Walking a labyrinth is an ages-old form of meditation, pilgrimage, and repentance. The most well-known labyrinth is in Chartres Cathedral outside of Paris, built around 1200. Many labyrinths are modeled from this design and are in or around churches. However, their purpose today has extended beyond religious seeking, and they are often walked for grieving, therapy, and meditation. While the designs of labyrinths vary, they are not mazes – you can’t get “lost” in a labyrinth. The single path leads to a center that depicts a flower, cross, or other symbol. Then, when you are ready, you retrace the path out of the labyrinth, taking with you resolution, healing, or peace.
In June while in Penha Longa, Portugal, I participated in a meditation on a Chartre-style labyrinth. I signed up for the class knowing absolutely nothing about this form of meditation – it sounded interesting. The setting was stunning; the labyrinth is situated in an outdoor terraced garden in the mountains outside of Lisbon. This labyrinth is made of native white and black limestone squares, uneven but smooth. I chose to do my medidation in bare feet to really connect with the earth.
Typically, before entering the labyrinth (there is only one entrance), you meditate or think on a question or issue that is on your mind. There are no rules to walking a labyrinth other than keeping silent. If you are alone, you face no external obstacles or choices and can walk at your own pace and think of no one else. If you are with others, you and they must accommodate others’ pace and direction. Do you step aside when faced with someone walking toward you, or do you expect him or her to move out of your way? Do you slow down so as to not rush the person in front of you, or do you adjust your pace to meet theirs? It’s not difficult to understand that these experiences are metaphors for everyday life.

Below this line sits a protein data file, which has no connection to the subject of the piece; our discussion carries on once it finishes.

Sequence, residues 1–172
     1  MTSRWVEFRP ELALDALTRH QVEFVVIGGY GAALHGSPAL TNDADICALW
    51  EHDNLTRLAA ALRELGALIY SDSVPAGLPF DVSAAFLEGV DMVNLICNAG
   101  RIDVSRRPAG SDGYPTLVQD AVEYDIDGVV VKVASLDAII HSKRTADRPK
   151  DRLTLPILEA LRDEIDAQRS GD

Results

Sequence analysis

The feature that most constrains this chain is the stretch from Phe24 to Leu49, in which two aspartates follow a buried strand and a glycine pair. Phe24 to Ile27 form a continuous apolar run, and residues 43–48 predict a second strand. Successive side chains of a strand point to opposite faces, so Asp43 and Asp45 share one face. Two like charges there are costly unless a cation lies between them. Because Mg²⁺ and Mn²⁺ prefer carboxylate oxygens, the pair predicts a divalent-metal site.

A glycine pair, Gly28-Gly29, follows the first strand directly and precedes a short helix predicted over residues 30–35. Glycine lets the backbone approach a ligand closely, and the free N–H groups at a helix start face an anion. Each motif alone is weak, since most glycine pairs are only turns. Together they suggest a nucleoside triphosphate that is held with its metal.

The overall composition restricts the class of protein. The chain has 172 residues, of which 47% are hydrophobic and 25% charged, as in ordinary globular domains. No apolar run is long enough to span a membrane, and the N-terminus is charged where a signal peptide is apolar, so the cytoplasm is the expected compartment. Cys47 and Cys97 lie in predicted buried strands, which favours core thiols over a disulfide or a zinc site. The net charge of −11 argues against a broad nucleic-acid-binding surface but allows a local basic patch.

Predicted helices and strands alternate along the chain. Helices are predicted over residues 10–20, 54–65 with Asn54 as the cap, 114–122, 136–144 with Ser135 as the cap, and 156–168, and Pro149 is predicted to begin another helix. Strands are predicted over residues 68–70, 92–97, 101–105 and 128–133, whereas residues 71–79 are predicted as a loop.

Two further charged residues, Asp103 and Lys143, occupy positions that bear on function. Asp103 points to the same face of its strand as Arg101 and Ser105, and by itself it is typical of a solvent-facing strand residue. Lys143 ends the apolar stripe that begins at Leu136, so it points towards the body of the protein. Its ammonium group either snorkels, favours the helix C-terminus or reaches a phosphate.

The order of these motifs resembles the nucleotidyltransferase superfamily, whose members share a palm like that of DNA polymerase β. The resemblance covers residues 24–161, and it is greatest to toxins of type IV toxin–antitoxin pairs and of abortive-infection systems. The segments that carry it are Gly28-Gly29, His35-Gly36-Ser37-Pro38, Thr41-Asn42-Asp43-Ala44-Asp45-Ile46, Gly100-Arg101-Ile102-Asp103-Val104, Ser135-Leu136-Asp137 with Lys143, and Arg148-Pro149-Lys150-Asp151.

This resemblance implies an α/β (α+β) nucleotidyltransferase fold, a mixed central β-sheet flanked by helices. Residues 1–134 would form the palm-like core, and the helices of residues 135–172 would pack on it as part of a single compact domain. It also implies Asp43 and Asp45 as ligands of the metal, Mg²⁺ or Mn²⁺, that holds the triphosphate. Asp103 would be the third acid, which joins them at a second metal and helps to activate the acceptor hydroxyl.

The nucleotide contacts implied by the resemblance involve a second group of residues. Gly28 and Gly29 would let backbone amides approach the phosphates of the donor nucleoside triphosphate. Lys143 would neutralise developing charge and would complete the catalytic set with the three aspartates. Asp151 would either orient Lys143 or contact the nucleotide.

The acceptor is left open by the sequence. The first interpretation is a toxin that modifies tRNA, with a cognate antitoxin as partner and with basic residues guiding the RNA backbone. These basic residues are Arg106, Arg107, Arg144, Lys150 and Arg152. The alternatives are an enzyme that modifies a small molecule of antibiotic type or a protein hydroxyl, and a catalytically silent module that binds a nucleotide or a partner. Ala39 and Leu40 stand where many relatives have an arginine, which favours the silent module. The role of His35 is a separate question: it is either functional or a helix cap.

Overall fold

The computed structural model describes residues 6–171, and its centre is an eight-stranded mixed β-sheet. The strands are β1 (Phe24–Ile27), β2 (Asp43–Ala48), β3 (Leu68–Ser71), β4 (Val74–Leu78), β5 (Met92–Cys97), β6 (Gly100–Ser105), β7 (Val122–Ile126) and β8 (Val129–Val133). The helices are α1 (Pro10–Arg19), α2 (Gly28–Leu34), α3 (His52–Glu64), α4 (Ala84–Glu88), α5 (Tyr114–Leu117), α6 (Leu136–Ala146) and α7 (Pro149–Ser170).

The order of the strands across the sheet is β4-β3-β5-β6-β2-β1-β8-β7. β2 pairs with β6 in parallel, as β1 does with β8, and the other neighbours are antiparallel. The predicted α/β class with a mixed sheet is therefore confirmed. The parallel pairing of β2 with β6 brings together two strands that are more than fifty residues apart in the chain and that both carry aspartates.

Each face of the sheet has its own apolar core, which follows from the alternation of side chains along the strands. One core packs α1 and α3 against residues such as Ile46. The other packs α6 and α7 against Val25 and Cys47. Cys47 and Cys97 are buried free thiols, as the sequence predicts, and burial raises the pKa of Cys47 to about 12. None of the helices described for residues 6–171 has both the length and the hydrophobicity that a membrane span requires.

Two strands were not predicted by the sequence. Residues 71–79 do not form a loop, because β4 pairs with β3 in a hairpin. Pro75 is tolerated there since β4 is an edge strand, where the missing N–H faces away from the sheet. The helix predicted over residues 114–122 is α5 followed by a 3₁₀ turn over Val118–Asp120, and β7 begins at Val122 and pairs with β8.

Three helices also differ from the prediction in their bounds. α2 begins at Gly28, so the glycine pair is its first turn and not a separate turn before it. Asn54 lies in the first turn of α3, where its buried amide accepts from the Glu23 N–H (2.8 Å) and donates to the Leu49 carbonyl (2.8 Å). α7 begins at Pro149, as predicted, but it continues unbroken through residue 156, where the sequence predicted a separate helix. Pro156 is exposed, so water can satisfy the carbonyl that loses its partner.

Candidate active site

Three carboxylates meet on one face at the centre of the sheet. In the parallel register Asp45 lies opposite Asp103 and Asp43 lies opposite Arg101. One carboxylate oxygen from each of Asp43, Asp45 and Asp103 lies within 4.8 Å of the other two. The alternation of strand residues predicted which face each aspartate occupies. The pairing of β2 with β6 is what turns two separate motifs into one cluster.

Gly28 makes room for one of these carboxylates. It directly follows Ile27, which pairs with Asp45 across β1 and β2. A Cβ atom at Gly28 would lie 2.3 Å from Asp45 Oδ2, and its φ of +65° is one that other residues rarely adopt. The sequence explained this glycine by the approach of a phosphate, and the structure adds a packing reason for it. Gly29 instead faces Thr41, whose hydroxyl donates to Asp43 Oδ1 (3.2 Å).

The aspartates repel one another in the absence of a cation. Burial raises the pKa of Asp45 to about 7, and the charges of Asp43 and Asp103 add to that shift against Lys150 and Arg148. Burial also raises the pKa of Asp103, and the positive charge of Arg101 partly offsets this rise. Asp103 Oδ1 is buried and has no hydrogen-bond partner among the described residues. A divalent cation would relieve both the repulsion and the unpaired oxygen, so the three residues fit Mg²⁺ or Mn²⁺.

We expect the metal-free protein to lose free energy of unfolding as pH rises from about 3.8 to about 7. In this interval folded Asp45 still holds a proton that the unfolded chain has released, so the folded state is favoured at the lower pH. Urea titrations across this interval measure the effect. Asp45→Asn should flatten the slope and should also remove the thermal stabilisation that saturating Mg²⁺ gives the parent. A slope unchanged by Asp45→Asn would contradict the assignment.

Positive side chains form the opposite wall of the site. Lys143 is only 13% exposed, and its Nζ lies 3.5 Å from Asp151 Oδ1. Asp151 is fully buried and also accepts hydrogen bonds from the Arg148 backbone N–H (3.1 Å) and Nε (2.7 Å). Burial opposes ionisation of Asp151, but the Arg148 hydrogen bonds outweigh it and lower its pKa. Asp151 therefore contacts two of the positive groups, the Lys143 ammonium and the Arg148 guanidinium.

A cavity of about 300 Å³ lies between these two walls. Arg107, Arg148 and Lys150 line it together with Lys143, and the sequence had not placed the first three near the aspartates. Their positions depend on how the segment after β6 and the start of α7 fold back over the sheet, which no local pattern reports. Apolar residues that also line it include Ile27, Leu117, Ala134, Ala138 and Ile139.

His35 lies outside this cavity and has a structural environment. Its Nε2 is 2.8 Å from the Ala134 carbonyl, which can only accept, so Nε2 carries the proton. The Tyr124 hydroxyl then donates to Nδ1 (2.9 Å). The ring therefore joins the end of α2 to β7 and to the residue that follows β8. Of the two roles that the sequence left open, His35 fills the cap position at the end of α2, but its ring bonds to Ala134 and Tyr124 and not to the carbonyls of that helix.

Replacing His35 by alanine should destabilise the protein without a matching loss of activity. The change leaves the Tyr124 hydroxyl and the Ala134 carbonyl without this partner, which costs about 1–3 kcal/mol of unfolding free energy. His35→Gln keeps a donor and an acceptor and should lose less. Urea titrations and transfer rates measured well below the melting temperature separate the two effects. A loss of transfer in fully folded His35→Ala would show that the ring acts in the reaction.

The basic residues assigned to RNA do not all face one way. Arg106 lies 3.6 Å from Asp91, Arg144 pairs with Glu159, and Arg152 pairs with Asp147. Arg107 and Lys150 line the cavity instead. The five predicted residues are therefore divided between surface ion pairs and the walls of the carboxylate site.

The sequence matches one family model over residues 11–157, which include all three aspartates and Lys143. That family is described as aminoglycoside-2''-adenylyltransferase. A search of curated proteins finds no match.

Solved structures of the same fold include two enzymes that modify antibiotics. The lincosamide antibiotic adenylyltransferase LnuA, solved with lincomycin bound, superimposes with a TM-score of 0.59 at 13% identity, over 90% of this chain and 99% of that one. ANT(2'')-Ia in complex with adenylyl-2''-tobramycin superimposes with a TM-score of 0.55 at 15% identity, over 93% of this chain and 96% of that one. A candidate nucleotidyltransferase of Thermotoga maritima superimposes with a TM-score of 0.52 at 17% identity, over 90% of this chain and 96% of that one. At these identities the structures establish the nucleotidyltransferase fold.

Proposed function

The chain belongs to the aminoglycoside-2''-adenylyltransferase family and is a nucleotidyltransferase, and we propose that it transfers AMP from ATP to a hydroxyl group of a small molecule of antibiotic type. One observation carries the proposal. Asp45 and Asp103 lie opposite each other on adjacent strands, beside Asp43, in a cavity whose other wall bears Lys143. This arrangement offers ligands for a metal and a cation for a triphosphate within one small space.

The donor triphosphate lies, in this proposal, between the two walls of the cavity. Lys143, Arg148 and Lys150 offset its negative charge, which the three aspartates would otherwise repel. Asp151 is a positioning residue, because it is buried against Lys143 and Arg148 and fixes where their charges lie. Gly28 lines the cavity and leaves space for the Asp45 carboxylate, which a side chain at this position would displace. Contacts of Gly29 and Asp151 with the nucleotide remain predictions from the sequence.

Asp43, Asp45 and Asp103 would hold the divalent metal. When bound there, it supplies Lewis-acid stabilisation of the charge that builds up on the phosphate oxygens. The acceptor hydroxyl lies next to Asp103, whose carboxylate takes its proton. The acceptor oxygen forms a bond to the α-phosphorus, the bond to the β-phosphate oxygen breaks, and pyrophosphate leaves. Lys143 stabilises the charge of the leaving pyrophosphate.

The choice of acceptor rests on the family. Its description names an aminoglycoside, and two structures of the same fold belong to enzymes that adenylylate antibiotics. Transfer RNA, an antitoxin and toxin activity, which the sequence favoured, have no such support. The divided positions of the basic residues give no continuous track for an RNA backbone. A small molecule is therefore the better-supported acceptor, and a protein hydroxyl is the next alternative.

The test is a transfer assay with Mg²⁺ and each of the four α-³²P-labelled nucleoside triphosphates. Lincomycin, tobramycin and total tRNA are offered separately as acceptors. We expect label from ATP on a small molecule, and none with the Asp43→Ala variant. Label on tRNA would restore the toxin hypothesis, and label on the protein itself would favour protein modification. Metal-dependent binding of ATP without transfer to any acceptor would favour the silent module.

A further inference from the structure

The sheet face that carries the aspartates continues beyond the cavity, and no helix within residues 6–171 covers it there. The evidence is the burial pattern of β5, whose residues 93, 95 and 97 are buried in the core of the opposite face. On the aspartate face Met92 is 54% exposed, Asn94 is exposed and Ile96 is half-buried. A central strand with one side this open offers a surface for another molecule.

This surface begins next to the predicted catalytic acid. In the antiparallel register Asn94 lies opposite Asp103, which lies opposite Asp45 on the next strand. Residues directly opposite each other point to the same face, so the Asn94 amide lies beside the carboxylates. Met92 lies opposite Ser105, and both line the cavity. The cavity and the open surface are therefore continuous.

The most persistent thought I had while walking the labyrinth is that you need to look up to keep your balance. If you stare down at your feet, and focus on where you are, you can easily misstep and miss out on the beauty of the labyrinth. Additionally, if you stare down, you have no idea where you are going, where the next turn of the path is, or who might be in your way or moving to accommodate you. But you can’t see too far ahead in a labyrinth; it’s impossible to truly see the end of the path.
Like with many new experiences, I was completely in the dark about the history and popularity of walking a labyrinth. On the day after I did the meditation, there was a passage in the novel I was reading where a young woman who had experienced significant trauma was guided through a labyrinth by an older woman whose husband had built it for her as a means of grieving. I read it over and over, wondering if I would have even noticed and understood it had I not had the previous day’s experience. How much to we miss because we are not open to new experiences?
I was impressed by how beneficial this type of meditation would be for people who have trouble quietly sitting for a more typical medication. I think this type of practice would be excellent for building trust, non-verbal communication, cooperation, and self-awareness. Of course, I had to investigate further the practice of labyrinth meditation and talked with the leader after the class ended. I found a world-wide labyrinth locator and learned that St. Andrew’s Episcopal Church in Albany – where Mark and I were married – has a public, Chartres-style labyrinth outside, which I intend to visit.